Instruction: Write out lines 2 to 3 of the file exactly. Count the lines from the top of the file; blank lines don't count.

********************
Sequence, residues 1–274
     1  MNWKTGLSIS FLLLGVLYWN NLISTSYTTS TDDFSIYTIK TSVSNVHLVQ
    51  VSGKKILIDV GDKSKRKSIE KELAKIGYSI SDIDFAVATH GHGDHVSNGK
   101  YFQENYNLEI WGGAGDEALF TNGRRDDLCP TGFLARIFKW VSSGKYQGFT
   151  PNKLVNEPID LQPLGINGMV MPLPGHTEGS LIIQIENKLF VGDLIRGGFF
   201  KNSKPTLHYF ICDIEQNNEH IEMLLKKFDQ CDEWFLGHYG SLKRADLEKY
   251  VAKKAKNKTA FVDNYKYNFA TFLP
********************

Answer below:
     1  MNWKTGLSIS FLLLGVLYWN NLISTSYTTS TDDFSIYTIK TSVSNVHLVQ
    51  VSGKKILIDV GDKSKRKSIE KELAKIGYSI SDIDFAVATH GHGDHVSNGK